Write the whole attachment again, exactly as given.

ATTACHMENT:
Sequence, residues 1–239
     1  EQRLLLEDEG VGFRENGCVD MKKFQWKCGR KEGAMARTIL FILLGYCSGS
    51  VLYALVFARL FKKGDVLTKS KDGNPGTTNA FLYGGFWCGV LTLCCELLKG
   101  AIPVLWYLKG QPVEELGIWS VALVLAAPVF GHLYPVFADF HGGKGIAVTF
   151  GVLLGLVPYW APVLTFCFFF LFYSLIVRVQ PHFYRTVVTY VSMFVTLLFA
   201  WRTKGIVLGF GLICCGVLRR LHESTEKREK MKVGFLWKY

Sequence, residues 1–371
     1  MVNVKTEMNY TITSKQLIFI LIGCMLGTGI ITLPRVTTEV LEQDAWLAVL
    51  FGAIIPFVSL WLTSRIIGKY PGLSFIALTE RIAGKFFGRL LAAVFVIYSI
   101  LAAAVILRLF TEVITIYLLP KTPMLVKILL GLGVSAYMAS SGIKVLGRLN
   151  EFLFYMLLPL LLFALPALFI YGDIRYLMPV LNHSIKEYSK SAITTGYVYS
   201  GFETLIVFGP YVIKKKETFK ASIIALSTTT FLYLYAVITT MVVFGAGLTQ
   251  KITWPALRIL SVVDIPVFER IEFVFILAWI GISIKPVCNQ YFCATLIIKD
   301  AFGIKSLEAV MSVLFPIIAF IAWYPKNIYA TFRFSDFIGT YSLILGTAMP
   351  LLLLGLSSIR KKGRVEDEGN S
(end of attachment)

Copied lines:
Sequence, residues 1–239
     1  EQRLLLEDEG VGFRENGCVD MKKFQWKCGR KEGAMARTIL FILLGYCSGS
    51  VLYALVFARL FKKGDVLTKS KDGNPGTTNA FLYGGFWCGV LTLCCELLKG
   101  AIPVLWYLKG QPVEELGIWS VALVLAAPVF GHLYPVFADF HGGKGIAVTF
   151  GVLLGLVPYW APVLTFCFFF LFYSLIVRVQ PHFYRTVVTY VSMFVTLLFA
   201  WRTKGIVLGF GLICCGVLRR LHESTEKREK MKVGFLWKY

Sequence, residues 1–371
     1  MVNVKTEMNY TITSKQLIFI LIGCMLGTGI ITLPRVTTEV LEQDAWLAVL
    51  FGAIIPFVSL WLTSRIIGKY PGLSFIALTE RIAGKFFGRL LAAVFVIYSI
   101  LAAAVILRLF TEVITIYLLP KTPMLVKILL GLGVSAYMAS SGIKVLGRLN
   151  EFLFYMLLPL LLFALPALFI YGDIRYLMPV LNHSIKEYSK SAITTGYVYS
   201  GFETLIVFGP YVIKKKETFK ASIIALSTTT FLYLYAVITT MVVFGAGLTQ
   251  KITWPALRIL SVVDIPVFER IEFVFILAWI GISIKPVCNQ YFCATLIIKD
   301  AFGIKSLEAV MSVLFPIIAF IAWYPKNIYA TFRFSDFIGT YSLILGTAMP
   351  LLLLGLSSIR KKGRVEDEGN S